Those two names will be called first and second next week in the WNBA Draft. The only question is which one will be first and which will be second—who'll start their career on an Atlanta Dream team that is entering a new era with a new head coach and who'll start on a Fever team that has struggled since Tamika Catchings retired. Any other outcome at this point would be shocking, though the WNBA Draft does tend to feature some shocking picks sometimes, like when the Fever made Kysre Gondrezick a lottery pick last year.
Will The Dream draft NaLyssa Smith?
Until Wednesday, the Mystics held the No. 1 pick in the draft and I was fairly sure that they were taking Rhyne Howard. Here's what I wrote on that topic:
My expectation here is that the Mystics will take Howard first, while the Fever will take Smith second, which I think is the correct move. I'll address why Smith might be the better prospect in a second, but first I want to address why the Mystics are right to pass on Smith.
Despite having the No. 1 pick, Washington is in win-now mode. The team has Elena Delle Donne on the roster, who is one of the WNBA's best players when healthy. The problem is that Delle Donne hasn't been healthy since 2019, and if she is healthy now, then the Mystics need to maximize their window. The team's biggest immediate need is on the wing, as they have Elizabeth Williams, Myisha Hines-Allen and Elena Delle Donne to play the four and five. Washington needs a three. Rhyne Howard is a three. The Mystics should take her, as she fills a need on a team that might still have another title run left in it if things go right.
Obviously, things could change now that the Dream have traded for the No. 1 pick.
I still think Atlanta will go with Howard because getting a possibly-elite wing might be the toughest thing to do in the WNBA, but there's more of a chance for Smith to go No. 1 now because the Dream have a bigger need for a big than the Mystics. Atlanta's frontcourt rotation is Monique Billings, Cheyenne Parker and Kia Vaughn. There's room for Smith there.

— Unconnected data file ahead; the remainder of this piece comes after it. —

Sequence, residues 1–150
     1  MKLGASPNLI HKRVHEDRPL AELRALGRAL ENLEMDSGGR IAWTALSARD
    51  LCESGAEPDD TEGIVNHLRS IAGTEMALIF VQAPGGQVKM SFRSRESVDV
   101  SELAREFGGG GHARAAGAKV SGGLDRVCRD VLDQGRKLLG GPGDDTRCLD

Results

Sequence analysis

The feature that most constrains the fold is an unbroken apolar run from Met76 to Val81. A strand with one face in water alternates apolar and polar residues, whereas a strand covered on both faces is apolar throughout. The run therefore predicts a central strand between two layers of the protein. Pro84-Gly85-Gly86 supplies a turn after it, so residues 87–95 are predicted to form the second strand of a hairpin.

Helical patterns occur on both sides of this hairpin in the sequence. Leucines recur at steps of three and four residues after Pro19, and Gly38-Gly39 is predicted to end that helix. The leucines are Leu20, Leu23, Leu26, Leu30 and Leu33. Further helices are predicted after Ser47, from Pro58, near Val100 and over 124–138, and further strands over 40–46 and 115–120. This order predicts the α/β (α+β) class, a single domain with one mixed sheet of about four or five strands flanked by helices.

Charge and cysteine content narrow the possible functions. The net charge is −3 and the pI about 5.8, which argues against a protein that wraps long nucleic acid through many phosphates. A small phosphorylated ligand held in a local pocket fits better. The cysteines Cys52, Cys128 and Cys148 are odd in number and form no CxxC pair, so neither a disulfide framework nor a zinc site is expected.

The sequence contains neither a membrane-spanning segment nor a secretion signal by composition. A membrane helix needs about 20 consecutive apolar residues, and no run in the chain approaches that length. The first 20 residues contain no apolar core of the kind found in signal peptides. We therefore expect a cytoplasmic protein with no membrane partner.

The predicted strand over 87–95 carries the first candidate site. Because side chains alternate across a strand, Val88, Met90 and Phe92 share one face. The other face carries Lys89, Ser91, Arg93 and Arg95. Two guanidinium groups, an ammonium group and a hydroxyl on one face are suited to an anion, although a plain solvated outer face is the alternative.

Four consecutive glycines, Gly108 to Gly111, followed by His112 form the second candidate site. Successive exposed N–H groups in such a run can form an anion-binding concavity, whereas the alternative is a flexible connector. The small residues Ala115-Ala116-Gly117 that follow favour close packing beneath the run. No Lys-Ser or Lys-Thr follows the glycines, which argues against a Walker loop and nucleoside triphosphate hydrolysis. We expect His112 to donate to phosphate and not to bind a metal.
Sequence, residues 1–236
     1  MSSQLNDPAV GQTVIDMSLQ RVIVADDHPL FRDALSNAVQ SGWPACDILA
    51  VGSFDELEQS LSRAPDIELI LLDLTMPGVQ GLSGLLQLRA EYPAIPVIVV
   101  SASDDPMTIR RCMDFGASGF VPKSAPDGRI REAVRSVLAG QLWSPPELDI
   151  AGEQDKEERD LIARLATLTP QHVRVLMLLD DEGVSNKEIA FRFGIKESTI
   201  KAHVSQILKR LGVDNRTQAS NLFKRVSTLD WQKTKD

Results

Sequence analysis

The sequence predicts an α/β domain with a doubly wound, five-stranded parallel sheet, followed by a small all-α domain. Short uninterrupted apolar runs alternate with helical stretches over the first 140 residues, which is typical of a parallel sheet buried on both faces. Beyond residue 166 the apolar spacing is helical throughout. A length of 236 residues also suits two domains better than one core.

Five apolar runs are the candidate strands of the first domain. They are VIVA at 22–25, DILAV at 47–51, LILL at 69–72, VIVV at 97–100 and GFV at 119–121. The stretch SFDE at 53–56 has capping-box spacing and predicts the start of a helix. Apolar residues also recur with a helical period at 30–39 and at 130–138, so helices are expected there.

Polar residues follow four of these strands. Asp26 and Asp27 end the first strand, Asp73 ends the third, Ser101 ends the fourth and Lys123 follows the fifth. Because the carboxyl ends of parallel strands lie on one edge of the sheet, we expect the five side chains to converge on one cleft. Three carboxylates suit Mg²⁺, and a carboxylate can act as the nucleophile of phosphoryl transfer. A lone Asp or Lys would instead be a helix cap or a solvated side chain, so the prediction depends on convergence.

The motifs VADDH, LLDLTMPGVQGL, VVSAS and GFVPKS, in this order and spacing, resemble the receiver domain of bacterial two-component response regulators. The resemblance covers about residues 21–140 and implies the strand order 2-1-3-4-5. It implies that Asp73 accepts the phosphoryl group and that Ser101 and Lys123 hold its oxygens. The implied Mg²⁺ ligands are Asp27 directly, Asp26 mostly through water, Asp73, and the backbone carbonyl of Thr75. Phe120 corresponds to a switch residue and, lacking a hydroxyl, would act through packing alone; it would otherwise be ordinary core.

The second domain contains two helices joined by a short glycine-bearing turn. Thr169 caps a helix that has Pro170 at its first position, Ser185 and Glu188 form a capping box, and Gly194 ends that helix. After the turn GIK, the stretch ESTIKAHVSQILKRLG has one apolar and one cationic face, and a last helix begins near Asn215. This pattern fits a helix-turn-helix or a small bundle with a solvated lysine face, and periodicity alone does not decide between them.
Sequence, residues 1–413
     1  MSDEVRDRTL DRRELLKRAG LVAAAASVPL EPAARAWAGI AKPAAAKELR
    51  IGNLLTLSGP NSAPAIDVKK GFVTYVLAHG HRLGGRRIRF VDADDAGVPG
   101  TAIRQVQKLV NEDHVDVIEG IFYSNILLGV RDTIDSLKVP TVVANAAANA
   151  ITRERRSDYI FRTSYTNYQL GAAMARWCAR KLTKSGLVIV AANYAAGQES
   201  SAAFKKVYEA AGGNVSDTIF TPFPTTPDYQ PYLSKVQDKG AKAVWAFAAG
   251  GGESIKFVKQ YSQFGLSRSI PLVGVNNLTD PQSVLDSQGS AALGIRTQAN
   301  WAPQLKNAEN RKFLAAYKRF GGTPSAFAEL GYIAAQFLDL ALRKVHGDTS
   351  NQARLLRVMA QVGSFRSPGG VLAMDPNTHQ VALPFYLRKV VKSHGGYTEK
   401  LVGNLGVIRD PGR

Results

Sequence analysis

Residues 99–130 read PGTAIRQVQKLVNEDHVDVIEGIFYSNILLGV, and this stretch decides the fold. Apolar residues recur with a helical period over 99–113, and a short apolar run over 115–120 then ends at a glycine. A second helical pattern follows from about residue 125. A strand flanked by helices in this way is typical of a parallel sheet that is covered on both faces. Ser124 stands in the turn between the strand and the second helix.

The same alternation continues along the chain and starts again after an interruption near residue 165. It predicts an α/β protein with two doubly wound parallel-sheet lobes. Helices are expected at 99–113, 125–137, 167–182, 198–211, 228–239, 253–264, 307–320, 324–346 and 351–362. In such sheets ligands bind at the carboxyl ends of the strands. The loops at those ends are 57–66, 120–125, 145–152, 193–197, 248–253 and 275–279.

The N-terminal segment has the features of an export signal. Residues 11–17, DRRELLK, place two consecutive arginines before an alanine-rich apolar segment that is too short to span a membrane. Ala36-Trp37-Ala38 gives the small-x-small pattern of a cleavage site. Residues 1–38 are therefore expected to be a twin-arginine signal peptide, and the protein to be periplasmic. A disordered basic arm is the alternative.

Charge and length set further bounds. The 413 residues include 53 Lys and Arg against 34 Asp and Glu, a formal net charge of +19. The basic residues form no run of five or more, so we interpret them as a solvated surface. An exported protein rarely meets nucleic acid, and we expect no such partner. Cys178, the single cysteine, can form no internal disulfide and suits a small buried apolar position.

Still, I think Howard probably goes first still. Positional scarcity and all that.
What's NaLyssa Smith's pro potential?
That leaves Smith for the Fever, a team that has a huge hole up front and an immediate spot for Smith, who would instantly be the best big on this team.
But, what makes her the best big? And what's her ceiling?
Let's break down the Baylor star's game.
From a pure "what did she do statistically" perspective, Smith's numbers from this past season really pop. Here are her averages plus her percentile rank via Her Hoop Stats: 22.1 points per game (100 percent), 11.5 rebounds per game (100 percent), 1.1 assists per game (51 percent), 1.1 blocks per game (94 percent), 55.0 field goal percentage (97 percent) and 79.5 free throw percentage (80 percent). Pretty good numbers.
But Smith's impact goes beyond the box score. She took a Baylor team that lost its head coach and some of its best players and kept that team in the national conversation all year. Smith took her already strong level of play to another level this season.
The first thing that sticks out with Smith — and has since she arrived at Baylor — is her motor. NaLyssa Smith puts it all on the line on the floor. She's impossible to stop in transition. She's ferocious on defense.